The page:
Atlanta Man Claims Panhandling Ticket Is a Case of Mistaken Identity; Court Isn't Convinced

Police gave a citation for panhandling to someone with Larry Martin's ID, but Martin says it wasn't him.


Panhandling Prohibited Sign
Francis Storr / Flickr

An Atlanta man says a citation for panhandling is a case of mistaken identity, but so far he hasn't been able to convince the court.

According to The Atlanta Journal-Constitution, police issued Larry Martin the ticket last November. Since then, Martin has been struggling to prove the man they ticketed wasn't him:

Martin believes he was the victim of stolen identity.

Martin says the only reason he can think of for the confusion is that his wallet was stolen weeks before he got this ticket.

"I turned around and called Atlanta Police Department and I reported my wallet as stolen and they took a police report and it's on record," Martin said.

He thinks whoever was cited for panhandling gave the officer his stolen ID.

Even with a letter from his employer, which reads, "This is verification that Larry Martin was at work on November the 29, 2014, from 9am to 7pm," when the citation was issued, Martin said he still hasn't been able to convince the judge.

Martin claims the court tried once to contact the officer who issued the citation, but he couldn't be reached that day.

In 2012, the Atlanta City Council passed a law meant to strengthen enforcement of and penalties for "aggressive" panhandling, per another Journal-Constitution piece. The law makes it illegal to solicit money within 15 feet of a building entrance or exit, as well as near ATMs or parking lot pay boxes.

A first offense carries a penalty of 30 days of community service, while a second offense earns a person a mandatory jail stay of at least 30 days.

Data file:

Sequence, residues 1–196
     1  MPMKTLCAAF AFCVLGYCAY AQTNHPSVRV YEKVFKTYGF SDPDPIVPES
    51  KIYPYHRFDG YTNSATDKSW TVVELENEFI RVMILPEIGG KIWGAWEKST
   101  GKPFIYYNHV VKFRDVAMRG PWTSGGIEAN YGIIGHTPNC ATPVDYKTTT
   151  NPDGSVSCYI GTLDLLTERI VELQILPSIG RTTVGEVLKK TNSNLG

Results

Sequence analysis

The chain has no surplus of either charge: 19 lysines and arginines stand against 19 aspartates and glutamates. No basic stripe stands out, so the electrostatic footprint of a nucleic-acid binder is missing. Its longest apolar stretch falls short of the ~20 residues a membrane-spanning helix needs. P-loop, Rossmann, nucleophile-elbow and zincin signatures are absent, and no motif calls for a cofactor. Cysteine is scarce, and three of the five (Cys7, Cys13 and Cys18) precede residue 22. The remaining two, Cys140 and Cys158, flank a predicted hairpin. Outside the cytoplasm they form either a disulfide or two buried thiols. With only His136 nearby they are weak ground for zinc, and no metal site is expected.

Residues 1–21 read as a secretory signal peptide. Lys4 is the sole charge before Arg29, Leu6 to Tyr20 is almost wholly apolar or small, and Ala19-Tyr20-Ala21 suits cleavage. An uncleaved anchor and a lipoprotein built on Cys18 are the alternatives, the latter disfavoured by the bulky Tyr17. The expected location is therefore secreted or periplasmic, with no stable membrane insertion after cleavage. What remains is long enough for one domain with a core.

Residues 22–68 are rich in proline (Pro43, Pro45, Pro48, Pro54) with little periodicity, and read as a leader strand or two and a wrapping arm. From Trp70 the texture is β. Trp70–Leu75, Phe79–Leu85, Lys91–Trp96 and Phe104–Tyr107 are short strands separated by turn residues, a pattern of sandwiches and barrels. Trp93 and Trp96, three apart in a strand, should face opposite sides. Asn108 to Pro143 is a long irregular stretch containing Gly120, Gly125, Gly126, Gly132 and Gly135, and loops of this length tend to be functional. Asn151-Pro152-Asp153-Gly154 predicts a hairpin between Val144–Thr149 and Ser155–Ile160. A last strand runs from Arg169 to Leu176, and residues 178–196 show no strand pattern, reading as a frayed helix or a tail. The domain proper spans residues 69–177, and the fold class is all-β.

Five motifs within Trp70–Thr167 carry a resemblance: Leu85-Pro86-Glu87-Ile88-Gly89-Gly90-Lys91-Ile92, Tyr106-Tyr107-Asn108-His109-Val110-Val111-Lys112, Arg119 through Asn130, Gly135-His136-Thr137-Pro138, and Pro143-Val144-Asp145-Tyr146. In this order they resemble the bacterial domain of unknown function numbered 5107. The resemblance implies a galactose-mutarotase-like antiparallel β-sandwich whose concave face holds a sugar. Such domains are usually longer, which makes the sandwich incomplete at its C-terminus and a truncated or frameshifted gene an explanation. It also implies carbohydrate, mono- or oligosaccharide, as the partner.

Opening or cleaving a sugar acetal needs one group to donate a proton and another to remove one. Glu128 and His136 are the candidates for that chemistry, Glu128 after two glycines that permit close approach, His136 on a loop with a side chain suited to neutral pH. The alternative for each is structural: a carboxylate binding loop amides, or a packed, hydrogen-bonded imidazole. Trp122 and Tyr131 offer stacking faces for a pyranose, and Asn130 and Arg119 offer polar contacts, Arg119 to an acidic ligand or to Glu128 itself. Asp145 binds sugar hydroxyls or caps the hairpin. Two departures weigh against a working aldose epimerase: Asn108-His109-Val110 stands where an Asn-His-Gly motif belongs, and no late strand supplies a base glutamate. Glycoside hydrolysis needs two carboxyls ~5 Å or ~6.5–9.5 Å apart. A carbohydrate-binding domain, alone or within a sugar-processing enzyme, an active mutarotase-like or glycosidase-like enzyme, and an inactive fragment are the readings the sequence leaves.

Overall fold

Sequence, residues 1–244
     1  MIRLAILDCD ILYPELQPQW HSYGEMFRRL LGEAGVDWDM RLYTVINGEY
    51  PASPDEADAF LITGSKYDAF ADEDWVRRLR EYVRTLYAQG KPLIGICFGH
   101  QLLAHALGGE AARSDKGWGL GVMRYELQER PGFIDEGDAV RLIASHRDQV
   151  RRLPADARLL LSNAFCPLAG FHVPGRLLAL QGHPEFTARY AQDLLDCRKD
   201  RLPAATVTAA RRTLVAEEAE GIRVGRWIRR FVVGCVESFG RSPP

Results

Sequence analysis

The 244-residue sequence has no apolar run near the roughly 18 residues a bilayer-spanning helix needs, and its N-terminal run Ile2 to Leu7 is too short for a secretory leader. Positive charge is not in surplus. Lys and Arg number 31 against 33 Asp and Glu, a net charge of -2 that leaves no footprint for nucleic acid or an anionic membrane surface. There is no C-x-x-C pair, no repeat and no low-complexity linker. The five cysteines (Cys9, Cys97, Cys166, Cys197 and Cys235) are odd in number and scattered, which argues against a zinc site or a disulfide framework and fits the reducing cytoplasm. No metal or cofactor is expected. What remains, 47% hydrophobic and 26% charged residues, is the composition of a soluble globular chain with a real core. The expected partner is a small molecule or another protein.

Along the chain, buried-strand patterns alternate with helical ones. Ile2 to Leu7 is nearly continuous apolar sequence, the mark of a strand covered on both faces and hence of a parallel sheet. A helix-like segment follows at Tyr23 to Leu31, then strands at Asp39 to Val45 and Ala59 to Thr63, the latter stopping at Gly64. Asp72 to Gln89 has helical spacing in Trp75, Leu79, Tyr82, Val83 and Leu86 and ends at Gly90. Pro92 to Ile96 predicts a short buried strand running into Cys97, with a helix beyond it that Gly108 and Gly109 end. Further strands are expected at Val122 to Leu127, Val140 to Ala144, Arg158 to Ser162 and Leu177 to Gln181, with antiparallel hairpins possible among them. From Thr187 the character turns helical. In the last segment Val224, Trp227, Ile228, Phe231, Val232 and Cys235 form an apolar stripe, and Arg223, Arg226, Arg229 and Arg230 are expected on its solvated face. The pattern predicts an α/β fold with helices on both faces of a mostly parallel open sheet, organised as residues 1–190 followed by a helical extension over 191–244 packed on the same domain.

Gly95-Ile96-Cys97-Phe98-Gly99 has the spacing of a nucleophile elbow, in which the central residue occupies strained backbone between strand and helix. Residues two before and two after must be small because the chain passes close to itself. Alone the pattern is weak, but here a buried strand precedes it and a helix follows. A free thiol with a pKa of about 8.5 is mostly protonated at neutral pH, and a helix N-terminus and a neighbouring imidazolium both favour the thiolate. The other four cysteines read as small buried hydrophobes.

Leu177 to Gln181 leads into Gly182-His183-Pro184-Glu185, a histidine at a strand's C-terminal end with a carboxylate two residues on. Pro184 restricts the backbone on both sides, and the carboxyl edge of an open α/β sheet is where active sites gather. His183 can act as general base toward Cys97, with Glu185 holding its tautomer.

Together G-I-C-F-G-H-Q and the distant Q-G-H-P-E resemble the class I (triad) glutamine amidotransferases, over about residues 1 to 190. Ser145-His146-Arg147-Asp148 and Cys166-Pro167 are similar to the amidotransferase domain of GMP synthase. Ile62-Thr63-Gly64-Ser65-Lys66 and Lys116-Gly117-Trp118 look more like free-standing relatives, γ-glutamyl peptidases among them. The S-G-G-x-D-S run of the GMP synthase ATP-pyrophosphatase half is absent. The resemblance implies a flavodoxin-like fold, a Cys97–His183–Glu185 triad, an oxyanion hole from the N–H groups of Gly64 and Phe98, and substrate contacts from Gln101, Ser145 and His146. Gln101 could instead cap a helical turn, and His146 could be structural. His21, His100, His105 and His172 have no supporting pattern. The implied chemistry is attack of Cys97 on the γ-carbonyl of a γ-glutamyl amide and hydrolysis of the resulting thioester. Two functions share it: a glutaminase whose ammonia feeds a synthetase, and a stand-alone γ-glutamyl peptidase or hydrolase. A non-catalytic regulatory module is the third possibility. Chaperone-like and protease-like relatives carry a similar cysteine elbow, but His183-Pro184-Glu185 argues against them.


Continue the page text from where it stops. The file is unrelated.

The Atlanta Police Department has not responded to a request for comment.

Martin's fourth court date, during which he'll try again to persuade the city they have the wrong man, is scheduled for next week, according to AJC.com.

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  1. Good luck proving your innocence. Wait, I thought it was suppose to be the other way round.

    1. So he’s still beating his wife, then?

      1. I’m sure it will get discharged, he’ll just owe court fees for wasting the court’s time with getting himself a citation.

        1. I disagree. I think the court is wasting his time, in fact, I think the court should pay him for wasting his time. I think it is very foolish and not very cost effective to ticket or threaten to jail someone because they are panhandling, more so if the panhandler is non-aggressive. I think it is wasteful spending, and a waste of resources. There is a reason why Atlanta Police did not comment, they are cowards, they want to issue tickets, but yet they do not want to show up for court, or get involved, but yet the corrupt judge wants to keep this rolling? The corrupt judge even got a letter from his boss saying he was at work! Honestly, this should have never gone on as long as it has, and he should have called the ACLU on day1.

      2. She hasn’t used the safe word yet.

    2. That’s only if you believe in some document that’s like a hundred years old and hard to read.

    3. To get a case dismissed there is no persumption of innocence that’s only for trials. He should ask for a trial date and get someone from his office to testify to his whereabouts. Since when is a form letter admissible as exculpatory evidence.

      1. It’s too early to be stupid. Come back in an hour.

      2. He showed up in court, the sole witness against him didn’t. He shouldn’t have to prove shit.

      3. I don’t see where you’re getting this idea that he tried to get it “dismissed” instead of found not guilty after a trial. The article certainly doesn’t say that.

        1. Sam reads what you cannot read, sees what you cannot see, and knows what you cannot know.

      4. He should not, he should request a trial date, and call the ACLU.